The Razorback is a 10km ridgeline that juts out from the road on the way up to Mt Hotham, starting from Diamantina Hut. There is generally some nice touring to be found going along the ridge and diving down off the side. You can head out for the day, or push it further for overnight trips.
Harrietville, at the base of the mountain, has a campground if you don’t want to stay overnight in the snow.
Mt Feathertop is quite a trek out at around 11km, so is generally an overnight trip camping in the snow. There is some really nice terrain here, including some quite steep terrain, particularly in Avalanche Gully. Be careful out here, as the name suggests. The east face usually forms a long cornice along the leeward side, as the wind blows the snow across from the windward side facing west.
Great Alpine Road
The Great Alpine Road is the road that goes up to Mt Hotham from Harrietville at the base. There are actually lots of great places just off the side of the road to go exploring for a bit of day touring.
Bogong High Plains
From Falls Creek, there is actually a company that does snowmobile backcountry tours. You can get around Mt McKay, which has some nice, steep terrain for these tours. There are also gentle options. Steve Lee is the operator.
From Falls Creek, you can also head out around the dam towards the high plains. The terrain around here is generally flat and open, so a good place for people new to backcountry.
Mt Bogong, the highest mountain in Victoria, is also accessible using Falls as a base.
Snow and Weather Conditions for Australian Backcountry
The great thing about the Australian backcountry is you can have some genuinely soft, powdery days on untouched lines. When the snow is deep, it’s an awesome day out the back, but even when it’s not, the weather is often not too cold once you get to September, so you can skin around in a t-shirt (necessary in fact given how hot you will get). It is rare that temperatures dip below -10c. Make sure to carry emergency equipment in case you get stuck up there though, goes without saying.
Australian backcountry is a really good place to learn the ropes and start to learn the skills you need to know. Avalanches are relatively rare in Australia. The snow pack is generally more stable than overseas. The snow is a bit wetter than overseas, which also helps layers to bind, and the warmer temperatures also assist the layer consolidation process. A lot of the good terrain is less than a 30 degree incline (avalanches most often occur between 30-45 degrees). Dumps are also not as big as overseas.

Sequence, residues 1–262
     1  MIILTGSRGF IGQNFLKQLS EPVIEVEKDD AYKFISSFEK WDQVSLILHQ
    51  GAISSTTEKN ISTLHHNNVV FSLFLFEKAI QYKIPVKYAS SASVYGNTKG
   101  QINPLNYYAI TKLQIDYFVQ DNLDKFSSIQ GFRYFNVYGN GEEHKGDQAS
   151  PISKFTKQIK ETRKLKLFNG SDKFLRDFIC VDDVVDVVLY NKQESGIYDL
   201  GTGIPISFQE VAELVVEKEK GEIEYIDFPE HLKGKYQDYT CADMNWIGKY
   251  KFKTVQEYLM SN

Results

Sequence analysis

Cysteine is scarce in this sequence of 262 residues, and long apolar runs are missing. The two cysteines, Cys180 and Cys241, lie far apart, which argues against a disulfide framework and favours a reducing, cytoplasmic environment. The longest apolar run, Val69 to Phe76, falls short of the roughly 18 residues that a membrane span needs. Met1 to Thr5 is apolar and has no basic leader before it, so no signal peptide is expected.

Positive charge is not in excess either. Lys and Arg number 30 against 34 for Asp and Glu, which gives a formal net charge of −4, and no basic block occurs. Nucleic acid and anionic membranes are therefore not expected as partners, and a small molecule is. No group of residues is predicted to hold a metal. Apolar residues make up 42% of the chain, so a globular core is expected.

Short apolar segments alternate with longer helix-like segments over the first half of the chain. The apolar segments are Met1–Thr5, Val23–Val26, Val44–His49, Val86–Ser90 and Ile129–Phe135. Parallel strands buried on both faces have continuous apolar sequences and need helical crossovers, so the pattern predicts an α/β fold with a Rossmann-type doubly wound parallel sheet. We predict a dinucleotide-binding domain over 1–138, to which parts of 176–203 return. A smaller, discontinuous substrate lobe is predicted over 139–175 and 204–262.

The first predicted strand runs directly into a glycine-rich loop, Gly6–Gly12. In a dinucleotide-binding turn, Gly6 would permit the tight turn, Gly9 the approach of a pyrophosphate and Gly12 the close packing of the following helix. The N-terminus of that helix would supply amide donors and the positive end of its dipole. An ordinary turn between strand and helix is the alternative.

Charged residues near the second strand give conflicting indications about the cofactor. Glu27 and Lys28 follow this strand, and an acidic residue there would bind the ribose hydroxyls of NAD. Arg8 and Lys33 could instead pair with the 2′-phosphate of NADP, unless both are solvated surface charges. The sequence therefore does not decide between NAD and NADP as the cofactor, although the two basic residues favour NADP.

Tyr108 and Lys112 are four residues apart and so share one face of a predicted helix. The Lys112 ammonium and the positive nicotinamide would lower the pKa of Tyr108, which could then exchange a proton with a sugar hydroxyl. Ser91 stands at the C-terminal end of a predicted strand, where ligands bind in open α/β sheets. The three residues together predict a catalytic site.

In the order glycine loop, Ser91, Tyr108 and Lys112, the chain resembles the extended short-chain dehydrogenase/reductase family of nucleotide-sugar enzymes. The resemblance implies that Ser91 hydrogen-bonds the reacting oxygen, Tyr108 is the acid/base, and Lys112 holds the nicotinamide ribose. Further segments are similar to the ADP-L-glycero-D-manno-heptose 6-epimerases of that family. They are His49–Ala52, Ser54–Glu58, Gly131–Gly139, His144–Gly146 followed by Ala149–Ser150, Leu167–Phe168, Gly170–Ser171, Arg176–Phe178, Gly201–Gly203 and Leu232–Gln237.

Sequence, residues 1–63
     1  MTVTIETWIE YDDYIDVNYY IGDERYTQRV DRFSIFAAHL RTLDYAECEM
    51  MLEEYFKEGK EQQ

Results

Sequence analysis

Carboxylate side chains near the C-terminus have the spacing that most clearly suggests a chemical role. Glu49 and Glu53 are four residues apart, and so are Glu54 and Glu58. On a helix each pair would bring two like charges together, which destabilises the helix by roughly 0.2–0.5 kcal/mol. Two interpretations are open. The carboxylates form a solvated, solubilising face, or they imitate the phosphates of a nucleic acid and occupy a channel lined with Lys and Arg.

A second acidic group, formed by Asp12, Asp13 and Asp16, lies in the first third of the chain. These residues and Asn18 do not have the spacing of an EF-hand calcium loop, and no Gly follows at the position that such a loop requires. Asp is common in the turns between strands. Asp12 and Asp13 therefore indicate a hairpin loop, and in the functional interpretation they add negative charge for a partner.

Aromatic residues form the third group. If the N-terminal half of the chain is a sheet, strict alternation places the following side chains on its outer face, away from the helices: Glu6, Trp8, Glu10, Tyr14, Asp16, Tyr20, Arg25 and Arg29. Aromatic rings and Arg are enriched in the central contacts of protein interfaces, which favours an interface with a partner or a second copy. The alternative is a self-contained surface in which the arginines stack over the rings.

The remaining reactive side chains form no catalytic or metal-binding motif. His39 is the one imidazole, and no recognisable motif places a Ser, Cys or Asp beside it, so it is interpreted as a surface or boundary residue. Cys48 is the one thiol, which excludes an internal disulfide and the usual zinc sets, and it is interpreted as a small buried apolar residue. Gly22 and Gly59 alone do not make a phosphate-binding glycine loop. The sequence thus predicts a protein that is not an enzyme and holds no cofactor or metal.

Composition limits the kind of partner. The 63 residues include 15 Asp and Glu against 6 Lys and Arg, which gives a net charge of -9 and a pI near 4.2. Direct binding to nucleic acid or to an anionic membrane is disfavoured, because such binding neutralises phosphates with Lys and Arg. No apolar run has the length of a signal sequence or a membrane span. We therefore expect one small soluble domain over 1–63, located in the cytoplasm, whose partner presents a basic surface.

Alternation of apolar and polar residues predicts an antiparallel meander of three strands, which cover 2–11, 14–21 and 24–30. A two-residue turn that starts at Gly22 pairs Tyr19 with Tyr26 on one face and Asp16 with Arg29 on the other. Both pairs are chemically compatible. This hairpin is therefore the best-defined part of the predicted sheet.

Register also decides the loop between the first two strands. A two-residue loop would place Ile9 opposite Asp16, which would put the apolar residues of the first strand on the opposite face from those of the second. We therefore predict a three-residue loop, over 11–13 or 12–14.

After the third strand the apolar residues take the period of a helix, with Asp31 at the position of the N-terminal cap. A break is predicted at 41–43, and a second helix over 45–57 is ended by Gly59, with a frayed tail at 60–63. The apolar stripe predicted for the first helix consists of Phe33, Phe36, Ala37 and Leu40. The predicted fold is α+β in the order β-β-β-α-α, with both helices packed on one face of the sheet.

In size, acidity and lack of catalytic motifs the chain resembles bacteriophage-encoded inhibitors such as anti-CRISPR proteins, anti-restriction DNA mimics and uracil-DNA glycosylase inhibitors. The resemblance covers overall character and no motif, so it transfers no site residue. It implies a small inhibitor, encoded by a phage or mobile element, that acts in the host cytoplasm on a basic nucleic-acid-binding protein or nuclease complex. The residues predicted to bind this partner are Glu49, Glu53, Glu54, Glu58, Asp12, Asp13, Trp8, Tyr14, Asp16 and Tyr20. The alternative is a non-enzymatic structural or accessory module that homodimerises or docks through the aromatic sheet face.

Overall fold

However, that is not to say they don’t occur. They certainly still can, particularly in the steeper areas, and you should always be taking the necessary precautions and carrying the appropriate gear. Backcountry can be dangerous wherever you are, and unpredictable – there have been fatal avalanches in Australia. It is a good idea to get a guide to learn the area and to learn how to use the gear. End of the season can sometimes pose a bit more of a risk when the entire snowpack warms.
http://mountainsportscollective.org/ run a backcountry advisory service which has information related to snow pack stability and avalanche risk.
Availability of reports and rescue options
It is always advisable to carry a Personal Locator Beacon – sometimes referred to as an EPIRB (Emergency Positioning Indicating Radio Beacon). This will send out a signal that can be detected by a satellite, and then beamed to the nearest emergency rescue crews. Bear in mind that this can take several hours, and they won’t be able to come if it’s already dark or the weather too inclement. This is far too long if you or your crew are caught in an avalanche, so you need to know what to do in case you need to perform a rescue. EPIRB would more likely assist in case of a broken leg, or if you are lost, for example.
The Australian Maritime Safety Authority has information on EPIRBS. http://beacons.amsa.gov.au/about/beacon-types.asp
In many parts of the ranges, you can get phone signal. It’s therefore advisable to take a phone with you, but not necessarily have it as your only option. Signal often drops out at the bottom of gullies and valleys, but can be surprisingly good at the top of mountains. Australia’s emergency number is 000.
The Emergency Plus app was launched by the Australian Government a few years back. It establishes your location through GPS, and shows your position on a map. It provides links to Triple Zero, state emergency services and police. You, of course, need signal for it to work.
Check out Backcountry Gear for further information on the necessary gear to head out into the Australian backcountry.
A few places that rent skis with touring bindings attached as well as skins and adjustable poles include Rhythm Snowsports in Cooma, Straightline in Fyshwick, Canberra and Wilderness in Jindabyne. You might also be able to find touring boots, though you can of course just use your own alpine boots (walk mode just helps to reduce blisters).
Some also rent out bags, shovels and probes, though they transceivers are a little harder to come by for rentals in Australia. You can rent locator beacons from a number of outdoors shops as well, given these are not specific for winter touring.